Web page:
Credit Information Can Cost You Dearly
study released in December 2002 by the Consumer Federation of America (CFA) and
the National Credit Reporting Association (NCRA) entitled Credit Score Accuracy
and Implications for Consumers indicates that millions of Americans could pay
more for or be denied credit, insurance or utilities based on inaccurate
What Is A Credit Score?
credit score is a single number, based on an analysis of information contained
in an individuals credit report that provides an indication of how likely
they are to repay his or her debts. A score is derived from several types of information
including payment history; amount of debt owed and types of credit used. It has
become common place to base consumer access to credit, housing, insurance, basic
utility services and even employment using these scores and/or credit reports.
growing use of credit scores has increased the speed that many credit decisions
are made. Almost all credit granted using online applications and instant credit
offers are based on credit scoring. However, in consumer lending, inaccurate scores
can result in unfair treatment of borrowers who are denied or charged high prices
Errors of Omission and Commission
analysis of 51 representative files for consistencies and inconsistencies revealed
reasons for these differences in scores. Common errors of omission were the failure
to report a negative event for example, a delinquency or charge off
or a positive event for example, payments on an account. Seventy eight
percent of files were missing a revolving account in good standing, while 33 percent
of files were missing a mortgage account that had never been late.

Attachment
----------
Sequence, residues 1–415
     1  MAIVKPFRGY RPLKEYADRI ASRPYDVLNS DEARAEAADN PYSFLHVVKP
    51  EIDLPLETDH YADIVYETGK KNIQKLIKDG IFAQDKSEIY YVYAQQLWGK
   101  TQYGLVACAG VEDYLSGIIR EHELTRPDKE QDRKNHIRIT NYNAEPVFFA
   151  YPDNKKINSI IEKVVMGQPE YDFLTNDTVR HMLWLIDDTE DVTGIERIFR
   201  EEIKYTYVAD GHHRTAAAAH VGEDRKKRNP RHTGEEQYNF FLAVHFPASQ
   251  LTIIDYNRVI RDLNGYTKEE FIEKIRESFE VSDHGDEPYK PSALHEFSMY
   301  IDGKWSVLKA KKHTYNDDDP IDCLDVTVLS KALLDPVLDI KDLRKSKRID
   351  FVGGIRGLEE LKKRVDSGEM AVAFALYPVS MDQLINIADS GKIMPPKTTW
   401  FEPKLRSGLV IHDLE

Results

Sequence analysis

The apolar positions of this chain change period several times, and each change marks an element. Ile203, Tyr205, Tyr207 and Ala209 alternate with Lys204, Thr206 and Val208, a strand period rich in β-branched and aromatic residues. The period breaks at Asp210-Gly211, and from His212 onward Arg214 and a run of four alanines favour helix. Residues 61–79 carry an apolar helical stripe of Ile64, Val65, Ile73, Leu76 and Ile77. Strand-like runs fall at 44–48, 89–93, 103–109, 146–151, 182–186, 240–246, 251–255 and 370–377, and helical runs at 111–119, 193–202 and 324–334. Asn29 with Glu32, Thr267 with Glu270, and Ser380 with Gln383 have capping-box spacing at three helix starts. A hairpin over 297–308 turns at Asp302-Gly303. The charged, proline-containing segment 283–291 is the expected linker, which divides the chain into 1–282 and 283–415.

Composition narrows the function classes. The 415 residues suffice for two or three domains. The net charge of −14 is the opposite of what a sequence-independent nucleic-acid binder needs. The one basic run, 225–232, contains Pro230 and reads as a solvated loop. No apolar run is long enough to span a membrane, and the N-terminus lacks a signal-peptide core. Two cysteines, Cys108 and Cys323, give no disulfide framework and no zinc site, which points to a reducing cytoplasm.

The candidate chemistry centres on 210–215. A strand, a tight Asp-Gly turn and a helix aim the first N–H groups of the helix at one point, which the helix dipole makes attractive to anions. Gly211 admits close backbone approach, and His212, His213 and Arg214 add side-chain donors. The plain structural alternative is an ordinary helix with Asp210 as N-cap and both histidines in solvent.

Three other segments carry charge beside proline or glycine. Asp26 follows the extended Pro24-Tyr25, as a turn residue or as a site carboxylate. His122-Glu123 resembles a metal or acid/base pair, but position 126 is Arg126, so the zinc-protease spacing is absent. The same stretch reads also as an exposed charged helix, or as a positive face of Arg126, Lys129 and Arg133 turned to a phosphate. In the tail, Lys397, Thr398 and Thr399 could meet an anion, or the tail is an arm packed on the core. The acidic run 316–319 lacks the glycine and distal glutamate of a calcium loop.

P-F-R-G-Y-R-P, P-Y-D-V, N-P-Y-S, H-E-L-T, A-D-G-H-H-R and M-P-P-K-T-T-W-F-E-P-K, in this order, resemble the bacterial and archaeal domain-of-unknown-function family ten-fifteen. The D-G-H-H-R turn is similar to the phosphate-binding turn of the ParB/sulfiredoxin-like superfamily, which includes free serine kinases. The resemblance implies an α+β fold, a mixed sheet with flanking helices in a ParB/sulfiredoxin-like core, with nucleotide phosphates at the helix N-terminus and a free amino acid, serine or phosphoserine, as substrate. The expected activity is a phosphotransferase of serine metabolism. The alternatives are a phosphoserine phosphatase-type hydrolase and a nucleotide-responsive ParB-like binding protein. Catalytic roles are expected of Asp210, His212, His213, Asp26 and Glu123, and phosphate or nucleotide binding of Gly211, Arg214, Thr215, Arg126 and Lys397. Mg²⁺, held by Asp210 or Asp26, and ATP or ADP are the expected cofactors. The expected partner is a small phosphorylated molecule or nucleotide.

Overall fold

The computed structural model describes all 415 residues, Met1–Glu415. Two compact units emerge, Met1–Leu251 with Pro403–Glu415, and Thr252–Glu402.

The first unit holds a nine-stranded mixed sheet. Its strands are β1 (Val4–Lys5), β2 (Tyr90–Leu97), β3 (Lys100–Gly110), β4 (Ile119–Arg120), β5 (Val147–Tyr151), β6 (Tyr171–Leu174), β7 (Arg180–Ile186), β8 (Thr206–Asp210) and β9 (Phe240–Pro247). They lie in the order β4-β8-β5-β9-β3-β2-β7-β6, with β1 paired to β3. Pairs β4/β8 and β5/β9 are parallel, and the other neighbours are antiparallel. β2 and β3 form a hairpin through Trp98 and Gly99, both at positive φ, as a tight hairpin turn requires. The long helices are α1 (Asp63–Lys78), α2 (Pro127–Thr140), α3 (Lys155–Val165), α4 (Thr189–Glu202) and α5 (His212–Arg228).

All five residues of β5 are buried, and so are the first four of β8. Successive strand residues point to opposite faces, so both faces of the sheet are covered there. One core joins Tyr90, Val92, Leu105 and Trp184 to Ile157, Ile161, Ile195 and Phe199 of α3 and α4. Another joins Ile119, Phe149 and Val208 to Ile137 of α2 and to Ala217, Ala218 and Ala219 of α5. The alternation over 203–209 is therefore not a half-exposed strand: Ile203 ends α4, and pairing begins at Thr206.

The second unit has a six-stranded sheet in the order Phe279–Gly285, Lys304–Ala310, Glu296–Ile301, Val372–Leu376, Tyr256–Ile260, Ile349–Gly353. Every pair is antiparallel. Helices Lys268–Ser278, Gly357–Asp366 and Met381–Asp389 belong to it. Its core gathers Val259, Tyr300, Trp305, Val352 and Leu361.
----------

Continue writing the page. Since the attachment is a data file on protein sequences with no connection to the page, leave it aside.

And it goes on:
serious errors of commission appeared in a significant portion of files. In 43
percent of the files, reports on the same accounts conflicted in regard to how
often consumers had been late by 30 days. In 29 percent of the files, there was
conflicting information about how many times the consumer had been 60 days late.
And in 24 percent of the files, conflicts existed about 90-day delinquencies.
Reported delinquencies have a large effect on credit scores.
and Timely Information Missing
The study found that consumers
who are informed about the reasons for their credit score are not given useful
and timely information. Nearly seventy percent of the 1,704 credit reports examined
indicate that the primary factors contributing to the score were "serious
delinquency, derogatory public record, or collection filed" or some combination
of these factors. Consumers were not provided with information about which specific
accounts were responsible for the low scores. And in many cases, it is not even
clear whether a delinquency, public record or collection was responsible for the
The research found that certain information in credit
reports has the potential to cause breaches in consumer medical privacy. Many
credit report entries regarding medical collections contained enough information
to infer medical details about consumers, such as the type of treatment they had
received. The ability to discern from a credit report that a consumer may have
received treatment from a neonatal clinic, fertility clinic, mental health provider
or AIDS clinic could potentially facilitate discriminatory treatment.
continued at http://www.pacreditunions.com/commoncents2003/inaccurateinfo.htm